‡ Entry in Part Four: A Look Behind Tolkien’s Life and Work, Chapter 8: People and Places in His Life Chapter 9: Tolkien’s Writings

Significant works of art and literature – like Tolkien’s The Lord of the Rings, and the background of its invented mythology,† set in his world of Middle-earth – challenge the human understanding and imagination.† The challenge is just as real, I believe, as when a new philosophy or scientific theory is thought out. Human beings are always in the process of being shaped. Without challenge, we specialize and stagnate. Tolkien, significantly, was particularly antagonistic to mechanization, represented in Sauron, Mordor,* Saruman, and the despoiling of the Shire.*

We are all on a journey – for which the quest to destroy the Ring in The Lord of the Rings is an image, with applicability to us. Tolkien, by challenging us, helps us to go in a right direction, and arrive at a certain destination. One of the songs of Middle-earth characteristically speaks of the road going ever on and on, a seminal image in the stories. As Bilbo said to Frodo, ‘It’s a dangerous business … going out of your door.’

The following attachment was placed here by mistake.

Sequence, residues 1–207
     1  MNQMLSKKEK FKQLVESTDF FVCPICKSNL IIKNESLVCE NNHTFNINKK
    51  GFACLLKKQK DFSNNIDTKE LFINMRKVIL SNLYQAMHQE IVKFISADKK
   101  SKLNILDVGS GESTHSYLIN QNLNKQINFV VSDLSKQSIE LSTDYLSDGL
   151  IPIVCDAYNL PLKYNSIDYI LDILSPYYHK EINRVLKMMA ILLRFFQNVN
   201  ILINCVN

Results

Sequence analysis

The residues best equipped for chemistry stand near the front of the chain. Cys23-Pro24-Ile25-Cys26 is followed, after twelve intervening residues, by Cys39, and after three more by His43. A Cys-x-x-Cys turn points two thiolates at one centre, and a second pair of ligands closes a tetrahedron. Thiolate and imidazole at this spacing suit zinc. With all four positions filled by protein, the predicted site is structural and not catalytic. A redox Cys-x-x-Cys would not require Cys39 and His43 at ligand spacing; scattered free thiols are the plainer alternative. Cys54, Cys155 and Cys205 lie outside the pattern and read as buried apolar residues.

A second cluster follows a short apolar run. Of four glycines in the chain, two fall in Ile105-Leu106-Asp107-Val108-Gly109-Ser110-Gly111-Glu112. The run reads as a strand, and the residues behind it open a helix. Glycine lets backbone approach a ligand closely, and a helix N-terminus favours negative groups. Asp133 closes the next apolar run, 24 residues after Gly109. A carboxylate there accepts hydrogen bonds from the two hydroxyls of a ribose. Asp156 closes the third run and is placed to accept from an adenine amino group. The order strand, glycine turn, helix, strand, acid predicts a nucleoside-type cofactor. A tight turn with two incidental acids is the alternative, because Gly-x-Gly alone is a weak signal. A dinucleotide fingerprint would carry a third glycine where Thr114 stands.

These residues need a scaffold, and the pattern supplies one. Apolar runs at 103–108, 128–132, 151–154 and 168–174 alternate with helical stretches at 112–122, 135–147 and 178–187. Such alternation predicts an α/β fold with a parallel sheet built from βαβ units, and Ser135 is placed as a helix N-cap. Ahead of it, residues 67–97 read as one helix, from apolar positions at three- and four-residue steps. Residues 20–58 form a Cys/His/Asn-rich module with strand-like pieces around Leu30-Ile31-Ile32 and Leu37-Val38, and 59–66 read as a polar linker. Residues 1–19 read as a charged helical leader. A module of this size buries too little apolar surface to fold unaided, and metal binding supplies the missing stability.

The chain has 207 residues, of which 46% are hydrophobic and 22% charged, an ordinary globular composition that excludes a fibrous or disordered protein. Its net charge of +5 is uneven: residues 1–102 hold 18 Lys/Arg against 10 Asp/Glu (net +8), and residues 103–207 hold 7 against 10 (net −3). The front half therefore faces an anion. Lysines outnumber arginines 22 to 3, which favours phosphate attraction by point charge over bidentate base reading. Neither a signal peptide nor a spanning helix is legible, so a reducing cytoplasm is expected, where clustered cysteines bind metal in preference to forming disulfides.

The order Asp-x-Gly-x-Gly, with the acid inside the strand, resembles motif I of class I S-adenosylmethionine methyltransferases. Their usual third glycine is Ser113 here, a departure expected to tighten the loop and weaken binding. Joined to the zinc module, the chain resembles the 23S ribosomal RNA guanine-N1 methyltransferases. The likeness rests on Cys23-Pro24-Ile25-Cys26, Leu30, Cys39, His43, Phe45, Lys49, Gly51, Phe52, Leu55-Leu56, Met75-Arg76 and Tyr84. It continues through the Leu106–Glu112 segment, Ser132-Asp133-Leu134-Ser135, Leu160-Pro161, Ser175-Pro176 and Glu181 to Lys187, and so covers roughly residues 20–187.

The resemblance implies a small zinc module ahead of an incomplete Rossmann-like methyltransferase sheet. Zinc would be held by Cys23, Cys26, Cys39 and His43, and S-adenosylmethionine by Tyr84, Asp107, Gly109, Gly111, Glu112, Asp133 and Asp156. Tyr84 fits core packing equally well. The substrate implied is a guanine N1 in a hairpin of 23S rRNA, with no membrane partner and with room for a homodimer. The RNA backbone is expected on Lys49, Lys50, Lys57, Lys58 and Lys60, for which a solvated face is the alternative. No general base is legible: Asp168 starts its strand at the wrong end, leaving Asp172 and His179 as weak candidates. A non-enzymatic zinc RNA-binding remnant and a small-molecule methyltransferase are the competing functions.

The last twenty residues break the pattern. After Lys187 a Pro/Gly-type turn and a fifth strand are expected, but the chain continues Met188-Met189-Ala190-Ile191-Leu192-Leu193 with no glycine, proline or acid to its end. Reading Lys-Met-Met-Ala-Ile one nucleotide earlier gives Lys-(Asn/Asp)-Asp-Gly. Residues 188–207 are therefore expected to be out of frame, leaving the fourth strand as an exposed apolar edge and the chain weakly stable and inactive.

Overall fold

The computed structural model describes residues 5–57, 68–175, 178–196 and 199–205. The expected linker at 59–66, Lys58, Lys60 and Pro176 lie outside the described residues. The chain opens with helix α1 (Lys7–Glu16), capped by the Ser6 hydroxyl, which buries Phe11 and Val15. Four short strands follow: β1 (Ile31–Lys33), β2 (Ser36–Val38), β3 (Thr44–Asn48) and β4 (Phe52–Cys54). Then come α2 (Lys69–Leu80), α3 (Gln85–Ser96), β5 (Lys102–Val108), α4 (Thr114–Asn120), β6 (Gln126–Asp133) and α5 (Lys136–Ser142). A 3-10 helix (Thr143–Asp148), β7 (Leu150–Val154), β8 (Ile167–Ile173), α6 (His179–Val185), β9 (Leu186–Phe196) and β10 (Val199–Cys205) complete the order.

Tolkien’s portrayal of new possibilities helps us to have the refreshment and moral strength to persevere over what is true, noble, right, pure, lovely and admirable. Tolkien challenges the spirit of our age, which says that there is no meaningful journey – either because there is no road, or because all roads lead to the same destination. The fact that Tolkien is so popular with readers in numerous countries shows that many people are attracted by the hope that shines through his work.